In the words of Maya Angelou, “Everything in the universe has a rhythm, everything dances.” 

It seems to me, that in this moment the whole world has lost sense of any kind of shared beat. The pandemic changed our daily rhythms for living. Staying home, isolating from others has forced us to keep a safe distance. It’s changed how we work, how we learn, how we show up or not, and how we interact. A trip to the grocery store is calculated. A walk with a friend feels awkward as we try to keep six feet apart. “School’s out for the summer” — just doesn’t have the same freeing ring to it. 

Add the murder of George Floyd and the subsequent social unrest, protests, destruction and violence, and we find we’re living in chaos at a level of intensity that few of us have ever experienced. It doesn’t feel like anyone’s dancing to me. 

It feels more like frenetic scrambling — too much to get our arms around all at the same time right now — so much grief, fear, anxiety, uncertainty, stress. There’s dissonance too, between the stories we tell ourselves about ourselves and what we’re uncovering about reality. There’s more listening and more learning we need to do — which leads to more discoveries, more questions and less answers. And everything we’re experiencing is different for each of us at any given moment. 

The weight of all this is more than any one person can carry. So lean into the strength of being community as we pray, support, wrestle and discover together how God is at working in us and all around us to create something new. 

I’m grateful that a couple of months ago the worship planning team landed on Psalm 8 for tonight’s reading. It’s part of the common lectionary for Holy Trinity Sunday, which was this past Sunday. Holy Trinity Sunday is the only Sunday in the church year that focuses on a particular doctrine, and as Ben pointed out in his sermon a couple days ago, it’s a doctrine the church likes to talk about but doesn’t really understand. Nor should we. 

We attempt to describe God — Father, Son and Holy Spirit, Creator, Redeemer, Sanctifier, three-in-one and one-in three. But there’s no way to adequately describe God. Our every attempt falls short. The moment we think we can or we think we have is the moment we create God in our image. This shouldn’t keep us from describing our experience of God. Jesus teaches how to do this.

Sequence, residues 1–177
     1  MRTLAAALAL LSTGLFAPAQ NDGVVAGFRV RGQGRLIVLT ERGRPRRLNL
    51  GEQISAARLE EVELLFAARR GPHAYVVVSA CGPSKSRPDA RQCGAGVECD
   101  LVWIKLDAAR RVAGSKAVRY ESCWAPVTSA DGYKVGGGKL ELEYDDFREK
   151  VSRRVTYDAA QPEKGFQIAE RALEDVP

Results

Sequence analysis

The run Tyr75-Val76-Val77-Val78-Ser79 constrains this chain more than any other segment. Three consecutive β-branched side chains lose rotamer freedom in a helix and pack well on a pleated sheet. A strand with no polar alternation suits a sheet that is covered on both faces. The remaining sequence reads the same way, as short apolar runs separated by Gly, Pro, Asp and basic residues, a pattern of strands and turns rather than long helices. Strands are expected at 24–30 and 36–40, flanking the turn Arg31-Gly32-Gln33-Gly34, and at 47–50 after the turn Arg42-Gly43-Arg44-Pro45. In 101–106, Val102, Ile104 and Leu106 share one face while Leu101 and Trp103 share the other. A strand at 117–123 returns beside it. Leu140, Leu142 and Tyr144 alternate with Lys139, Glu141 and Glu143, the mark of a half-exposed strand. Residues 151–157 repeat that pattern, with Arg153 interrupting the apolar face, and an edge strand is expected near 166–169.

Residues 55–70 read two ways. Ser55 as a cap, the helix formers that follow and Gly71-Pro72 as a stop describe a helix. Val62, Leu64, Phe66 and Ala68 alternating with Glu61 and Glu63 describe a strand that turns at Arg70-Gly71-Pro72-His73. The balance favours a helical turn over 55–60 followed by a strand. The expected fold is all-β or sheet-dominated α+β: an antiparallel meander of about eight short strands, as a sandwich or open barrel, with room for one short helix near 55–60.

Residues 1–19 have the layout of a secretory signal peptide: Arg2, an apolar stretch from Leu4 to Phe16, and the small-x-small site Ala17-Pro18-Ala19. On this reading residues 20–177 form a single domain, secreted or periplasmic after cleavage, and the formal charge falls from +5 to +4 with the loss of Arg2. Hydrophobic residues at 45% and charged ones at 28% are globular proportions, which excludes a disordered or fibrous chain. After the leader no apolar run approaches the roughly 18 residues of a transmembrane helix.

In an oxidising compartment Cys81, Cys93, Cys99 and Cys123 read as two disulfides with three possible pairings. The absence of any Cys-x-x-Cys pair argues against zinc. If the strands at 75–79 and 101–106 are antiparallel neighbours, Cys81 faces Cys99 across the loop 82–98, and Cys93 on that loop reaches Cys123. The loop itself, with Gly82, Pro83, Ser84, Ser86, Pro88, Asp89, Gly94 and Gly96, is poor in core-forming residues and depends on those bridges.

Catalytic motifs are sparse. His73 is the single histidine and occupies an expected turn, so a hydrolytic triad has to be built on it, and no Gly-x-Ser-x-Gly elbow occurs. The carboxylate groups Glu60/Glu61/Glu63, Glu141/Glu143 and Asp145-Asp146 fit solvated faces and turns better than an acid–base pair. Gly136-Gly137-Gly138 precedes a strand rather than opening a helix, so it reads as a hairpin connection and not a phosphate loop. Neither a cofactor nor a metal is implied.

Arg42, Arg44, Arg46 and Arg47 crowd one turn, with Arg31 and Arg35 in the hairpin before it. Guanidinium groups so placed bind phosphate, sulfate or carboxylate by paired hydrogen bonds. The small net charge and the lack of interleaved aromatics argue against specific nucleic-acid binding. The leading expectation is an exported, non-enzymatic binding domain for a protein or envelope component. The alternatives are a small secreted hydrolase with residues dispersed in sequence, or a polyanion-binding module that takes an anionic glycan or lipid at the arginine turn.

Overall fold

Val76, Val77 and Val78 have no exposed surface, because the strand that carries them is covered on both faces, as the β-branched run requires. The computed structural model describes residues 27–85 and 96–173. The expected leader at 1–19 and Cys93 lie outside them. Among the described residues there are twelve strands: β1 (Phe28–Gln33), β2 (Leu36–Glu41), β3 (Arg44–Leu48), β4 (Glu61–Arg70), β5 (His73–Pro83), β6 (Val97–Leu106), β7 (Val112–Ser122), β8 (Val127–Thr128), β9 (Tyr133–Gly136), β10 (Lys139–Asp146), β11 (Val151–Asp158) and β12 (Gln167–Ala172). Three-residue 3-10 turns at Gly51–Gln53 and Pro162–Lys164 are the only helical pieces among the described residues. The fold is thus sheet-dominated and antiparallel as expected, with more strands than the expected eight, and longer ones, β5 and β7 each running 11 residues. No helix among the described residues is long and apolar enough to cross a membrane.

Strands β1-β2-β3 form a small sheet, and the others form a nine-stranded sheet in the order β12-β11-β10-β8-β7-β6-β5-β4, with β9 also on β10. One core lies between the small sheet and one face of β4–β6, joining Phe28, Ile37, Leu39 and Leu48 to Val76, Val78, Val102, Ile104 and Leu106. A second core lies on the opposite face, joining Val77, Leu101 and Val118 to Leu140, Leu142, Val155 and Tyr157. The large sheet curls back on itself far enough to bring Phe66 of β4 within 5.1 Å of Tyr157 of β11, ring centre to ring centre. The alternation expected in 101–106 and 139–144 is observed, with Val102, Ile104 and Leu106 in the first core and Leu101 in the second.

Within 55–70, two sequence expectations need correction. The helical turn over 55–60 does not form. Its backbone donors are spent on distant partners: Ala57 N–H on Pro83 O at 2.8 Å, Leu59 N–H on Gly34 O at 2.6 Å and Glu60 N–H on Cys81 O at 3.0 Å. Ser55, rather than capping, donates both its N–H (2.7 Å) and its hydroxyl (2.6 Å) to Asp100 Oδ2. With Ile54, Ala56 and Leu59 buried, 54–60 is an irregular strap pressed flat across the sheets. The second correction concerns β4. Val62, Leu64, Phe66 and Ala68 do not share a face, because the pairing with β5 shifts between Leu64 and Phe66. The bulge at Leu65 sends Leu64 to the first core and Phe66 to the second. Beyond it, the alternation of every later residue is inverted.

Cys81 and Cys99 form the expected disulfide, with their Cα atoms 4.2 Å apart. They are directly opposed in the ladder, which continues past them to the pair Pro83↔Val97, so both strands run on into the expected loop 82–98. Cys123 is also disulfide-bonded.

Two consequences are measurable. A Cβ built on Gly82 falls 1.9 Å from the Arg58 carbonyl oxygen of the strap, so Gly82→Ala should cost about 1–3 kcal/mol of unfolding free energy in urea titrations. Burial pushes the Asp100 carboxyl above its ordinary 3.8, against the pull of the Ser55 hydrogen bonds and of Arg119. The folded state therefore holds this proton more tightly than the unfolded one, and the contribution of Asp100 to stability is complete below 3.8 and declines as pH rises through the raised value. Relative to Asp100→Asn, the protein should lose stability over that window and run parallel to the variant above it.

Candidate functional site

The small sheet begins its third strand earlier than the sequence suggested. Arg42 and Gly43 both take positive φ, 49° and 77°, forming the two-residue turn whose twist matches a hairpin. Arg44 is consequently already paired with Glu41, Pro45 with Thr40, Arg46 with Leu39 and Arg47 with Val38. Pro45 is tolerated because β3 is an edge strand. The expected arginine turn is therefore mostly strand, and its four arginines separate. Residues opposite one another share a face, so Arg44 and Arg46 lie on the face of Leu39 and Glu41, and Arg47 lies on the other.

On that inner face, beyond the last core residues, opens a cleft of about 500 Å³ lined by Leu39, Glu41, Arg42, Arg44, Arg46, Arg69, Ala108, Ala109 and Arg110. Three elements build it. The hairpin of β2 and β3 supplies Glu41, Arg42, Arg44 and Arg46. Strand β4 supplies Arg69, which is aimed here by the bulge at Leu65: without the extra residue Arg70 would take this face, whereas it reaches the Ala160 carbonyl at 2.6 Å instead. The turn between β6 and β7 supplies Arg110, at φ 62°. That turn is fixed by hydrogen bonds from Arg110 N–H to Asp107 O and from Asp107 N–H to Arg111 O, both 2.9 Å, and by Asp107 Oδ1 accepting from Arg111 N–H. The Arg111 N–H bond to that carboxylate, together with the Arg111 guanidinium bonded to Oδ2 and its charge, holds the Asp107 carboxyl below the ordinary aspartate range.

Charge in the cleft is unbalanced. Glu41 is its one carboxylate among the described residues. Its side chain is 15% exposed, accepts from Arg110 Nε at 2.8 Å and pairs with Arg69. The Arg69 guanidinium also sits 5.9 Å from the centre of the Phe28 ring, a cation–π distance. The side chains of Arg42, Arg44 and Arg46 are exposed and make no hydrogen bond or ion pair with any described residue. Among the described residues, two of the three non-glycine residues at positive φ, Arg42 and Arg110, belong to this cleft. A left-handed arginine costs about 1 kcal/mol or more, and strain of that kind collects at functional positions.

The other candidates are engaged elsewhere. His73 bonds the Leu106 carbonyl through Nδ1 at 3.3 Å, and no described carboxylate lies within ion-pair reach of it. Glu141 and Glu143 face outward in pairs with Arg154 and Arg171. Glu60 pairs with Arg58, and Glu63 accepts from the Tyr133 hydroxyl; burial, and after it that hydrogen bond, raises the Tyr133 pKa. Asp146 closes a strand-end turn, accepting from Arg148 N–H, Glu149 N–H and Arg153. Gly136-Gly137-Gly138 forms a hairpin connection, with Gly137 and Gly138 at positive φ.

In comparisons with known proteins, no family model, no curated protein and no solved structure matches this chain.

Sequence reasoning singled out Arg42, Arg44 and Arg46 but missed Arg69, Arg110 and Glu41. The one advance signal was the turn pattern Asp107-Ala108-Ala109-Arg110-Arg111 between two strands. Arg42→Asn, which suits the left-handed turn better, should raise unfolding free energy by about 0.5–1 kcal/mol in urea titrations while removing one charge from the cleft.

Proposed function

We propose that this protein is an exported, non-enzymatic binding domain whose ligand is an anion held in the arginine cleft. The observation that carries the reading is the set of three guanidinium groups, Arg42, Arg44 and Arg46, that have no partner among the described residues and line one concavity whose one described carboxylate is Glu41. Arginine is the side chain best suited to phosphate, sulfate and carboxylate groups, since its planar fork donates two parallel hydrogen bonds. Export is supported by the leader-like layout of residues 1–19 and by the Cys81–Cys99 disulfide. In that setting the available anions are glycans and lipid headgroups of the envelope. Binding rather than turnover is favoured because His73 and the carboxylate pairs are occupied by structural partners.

When Jesus spoke about God and God’s kingdom, he told stories. Sometimes stories leave people with more questions than answers but stories also hold space for mystery, multiple meanings and divine connection. At the heart of God as Holy Trinity is the truth that God is most fully known in relationship. And that’s good news for us, good news for creation. 

Psalm 8 is an ancient song. It’s poetry, not prose. It’s one of several creation accounts in the bible. The most well-known are in Genesis 1 and 2, but there’s also a creation account in Job 38, if you want to look it up after the service. There’s another creation account in John’s Gospel. It’s how the writer starts the story: “In the beginning was the Word, and the Word was with God, and the Word was God. He was in the beginning with God. All things were made through him, and without him was not anything made that was made.”

Every creation account reads poetically, rhythmically. We don’t get specific details about how things came into existence. Scripture gives us the who and the why and the beauty of interplay. The creation accounts provide a particular lens; they offer a certain rhythm for finding your way in and through the world and Psalm 8 does too.